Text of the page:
Wednesday, June 17, 2020

Top Boxer From Helena



By Donald “Braveheart” Stewart
A 36 fight veteran at heavyweight with some highly significant fights under his belt was this week’s assignment from “Bad” Brad. It was a name that I did not instantly recognize but once you start looking, you simply cannot look away.
Leotis Martin, 31-5, 19 KO’s was born in Helena, Arkansas, months before the beginning of the Second World War and he made his debut in the professionals 23 years later. By that point he had moved to Philadelphia and was being trained by Yank Durham.

Durham was best known for being the trainer for a Philly native – Smokin’ Joe Frazier. It was a training relationship some felt was significant later in Martin’s career.

If martin is known for anything then he is known for one particular fight, but more of that later. His career was of course far more than just one scrap. Thirty six fights with only five losses Martin found himself was in 2003 named by the Ring as one of the top 100 greatest punchers of all time – he was a noticeable man on the scene.

He was also the very first NABF champion – a title he won in 1969, in THAT fight. His success began though, in the amateurs when he became the 1960 Chicago and Intercity Golden Gloves champion and twice the National AAU 165 pound champion in 1960 and 1961.

By that point, it was clear that a move to the pros was not only on the cards but also an obvious next step. On the 26th January 1962 he made that debut in Canada as he beat Bobby Wharthen by split decision in Sarnia.

He went on for 15 fights and he never lost. Tinged with some sadness, this winning streak included a 1965 win, just 4 days after I was born, in Philadelphia, against Sonny Banks, after which Banks never recovered from the injuries sustained and died.

This bittersweet success lead to the WBA entering him into a championship elimination series – imagine that happening now… The circumstances around this was Muhammad Ali being stripped of his world title because of his stance on Vietnam. Unfortunately, he was matched in his first fight against Jimmy Ellis. Martin was to suffer his first loss. The fight was stopped in the 9th round as he was cut in the inside of the mouth and the referee, Ernie Taylor, called a halt. At the time he was matching Ellis on the score cards.

On his travels to get back into contention he went across to Germany to recover and knocked out the European champion in seven rounds. Martin had set his sights next on Joe Frazier but that never happened after he suffered another loss, to Oscar Bonavena in Buenos Aires on the 7th September 1968. Rumors were suffering however that his old trainer Durham was not keen on allowing Martin anywhere near Frazier. In 1967, journalist Mark Kram was to write, “Martin, out of the violent, devouring pits of Philadelphia, had been ducked by everyone, including Frazier, who would not fight him with a shotgun.”

We did get to gaze upon him in the UK as he came across the beat Thad Spencer by stoppage in the 9th round at the Royal Albert Hall. On the same bill was Joe Bugner but not many others of note.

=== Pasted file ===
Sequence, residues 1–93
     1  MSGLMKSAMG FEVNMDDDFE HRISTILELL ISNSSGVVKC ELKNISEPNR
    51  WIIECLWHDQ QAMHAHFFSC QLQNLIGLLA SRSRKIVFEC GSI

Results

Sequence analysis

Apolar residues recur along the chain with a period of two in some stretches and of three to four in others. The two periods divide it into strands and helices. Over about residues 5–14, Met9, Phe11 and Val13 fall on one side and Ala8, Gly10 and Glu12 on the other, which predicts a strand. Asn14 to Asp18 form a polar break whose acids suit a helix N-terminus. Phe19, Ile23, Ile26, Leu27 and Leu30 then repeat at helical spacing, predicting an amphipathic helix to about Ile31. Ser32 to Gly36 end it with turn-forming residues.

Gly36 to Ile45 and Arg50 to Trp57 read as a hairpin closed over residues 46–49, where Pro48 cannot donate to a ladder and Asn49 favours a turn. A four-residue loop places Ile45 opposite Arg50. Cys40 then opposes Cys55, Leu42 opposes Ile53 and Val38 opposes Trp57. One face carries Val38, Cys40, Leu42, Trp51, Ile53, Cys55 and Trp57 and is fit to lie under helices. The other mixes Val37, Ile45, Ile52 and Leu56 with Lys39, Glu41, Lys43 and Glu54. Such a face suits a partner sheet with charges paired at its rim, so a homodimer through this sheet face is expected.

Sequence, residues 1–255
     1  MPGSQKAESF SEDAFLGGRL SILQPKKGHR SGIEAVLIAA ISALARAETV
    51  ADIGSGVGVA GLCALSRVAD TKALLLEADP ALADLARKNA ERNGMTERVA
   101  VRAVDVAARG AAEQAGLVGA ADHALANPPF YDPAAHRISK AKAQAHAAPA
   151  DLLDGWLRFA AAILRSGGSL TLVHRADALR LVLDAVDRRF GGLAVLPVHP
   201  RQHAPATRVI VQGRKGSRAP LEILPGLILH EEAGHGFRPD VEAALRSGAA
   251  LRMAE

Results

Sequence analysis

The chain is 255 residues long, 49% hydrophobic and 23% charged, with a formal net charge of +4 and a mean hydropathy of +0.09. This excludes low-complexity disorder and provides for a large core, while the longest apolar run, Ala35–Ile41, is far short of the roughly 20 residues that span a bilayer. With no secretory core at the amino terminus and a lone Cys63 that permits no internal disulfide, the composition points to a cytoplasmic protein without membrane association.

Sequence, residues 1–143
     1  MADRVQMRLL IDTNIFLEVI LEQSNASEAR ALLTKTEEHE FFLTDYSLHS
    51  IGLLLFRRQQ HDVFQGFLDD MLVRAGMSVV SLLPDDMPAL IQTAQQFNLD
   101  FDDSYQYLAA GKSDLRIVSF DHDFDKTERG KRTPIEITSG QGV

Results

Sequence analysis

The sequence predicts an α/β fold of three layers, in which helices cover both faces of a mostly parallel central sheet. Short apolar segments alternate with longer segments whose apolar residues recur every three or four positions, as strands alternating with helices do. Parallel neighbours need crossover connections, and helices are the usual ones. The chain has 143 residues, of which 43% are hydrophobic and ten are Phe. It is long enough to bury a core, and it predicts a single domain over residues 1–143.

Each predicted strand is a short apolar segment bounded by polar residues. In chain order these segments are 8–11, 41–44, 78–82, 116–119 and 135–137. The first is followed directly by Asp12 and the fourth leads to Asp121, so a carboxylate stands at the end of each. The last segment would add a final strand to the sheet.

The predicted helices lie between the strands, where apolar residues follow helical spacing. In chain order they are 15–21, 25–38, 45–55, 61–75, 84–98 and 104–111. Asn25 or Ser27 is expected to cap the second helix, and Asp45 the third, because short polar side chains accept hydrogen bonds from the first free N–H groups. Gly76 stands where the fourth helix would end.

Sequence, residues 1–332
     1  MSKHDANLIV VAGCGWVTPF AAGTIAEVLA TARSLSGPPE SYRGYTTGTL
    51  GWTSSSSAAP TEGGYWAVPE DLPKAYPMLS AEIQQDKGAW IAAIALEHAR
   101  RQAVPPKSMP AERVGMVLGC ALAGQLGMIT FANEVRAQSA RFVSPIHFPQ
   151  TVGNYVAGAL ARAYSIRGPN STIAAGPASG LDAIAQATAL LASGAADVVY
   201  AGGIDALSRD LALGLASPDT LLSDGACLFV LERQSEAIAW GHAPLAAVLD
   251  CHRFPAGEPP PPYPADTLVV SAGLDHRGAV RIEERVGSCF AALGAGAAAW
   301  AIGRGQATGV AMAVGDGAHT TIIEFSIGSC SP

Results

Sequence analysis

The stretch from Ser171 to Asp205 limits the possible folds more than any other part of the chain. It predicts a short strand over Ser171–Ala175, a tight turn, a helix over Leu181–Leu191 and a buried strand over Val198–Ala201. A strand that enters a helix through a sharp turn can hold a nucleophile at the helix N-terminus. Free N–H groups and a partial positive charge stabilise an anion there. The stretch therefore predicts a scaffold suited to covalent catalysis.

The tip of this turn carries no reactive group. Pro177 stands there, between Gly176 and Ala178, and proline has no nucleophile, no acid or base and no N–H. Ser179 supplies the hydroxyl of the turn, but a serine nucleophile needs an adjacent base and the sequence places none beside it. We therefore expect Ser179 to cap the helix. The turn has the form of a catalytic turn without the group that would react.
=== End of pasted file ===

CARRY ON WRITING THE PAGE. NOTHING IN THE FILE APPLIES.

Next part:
In 1969 he was ready for THAT fight to happen.

It happened on the 6th December 1969 at the newly built International Hotel in Las Vegas and televised by ABC’s “Wide World of Sports”. The winner was to become the heavyweight champion of the newly formed North American Boxing Federation (NABF). Leotis Martin went in against the great Sonny Liston.

Liston was back. After losing to Muhammad Ali twice he had come back and won 14 fights, with thirteen by way of knockout. but had really not fought anyone of note but he was still one of the hardest hitting punchers ever. He was announcing his return and Martin was in his way – would he wilt?

Martin knew Liston well enough as he had been his sparring partner but when he got into a competitive ring with Liston he managed to record his biggest ever win. Martin was unfancied because he was a small heavyweight, Liston, was 21 pounds heavier. Martin also was part time as he was still a full-time machinist for the Budd Company.

The doom sayers were wrong as Martin did not trade but he outfoxed the older Liston. Managing to weather a storm in the 4th round he then, in the 9th, caught Liston with a combination that halted the older fighter’s winning streak. Sonny Liston fell forward, landing on the canvas, out cold. The referee counted 10 over him but according to journalist Jimmy Cox who was ringside, “He could have counted to 300.”

Now surely a world title fight?

Martin thought so and immediately after the fight called out Frazier.


A detached retina crushed that hope and he was forced to retire. Cruelty never knew a bigger victim.

His signature win would now be the final fight of his career.

That cruelty followed him into his retirement. He lived quietly but after 31 years working as a machinist he retired early, but months later suffered a stroke and died en route to hospital.

He was 56 years old.

That fight with Liston is folklore. People talk openly and warmly about it, but he was much more than that. He was a champion without a recognized world title belt but a real boxer of means in his fists. If only he had found better luck his legacy would have been greater, but his presence in the sport was nonetheless noticeable and strong.

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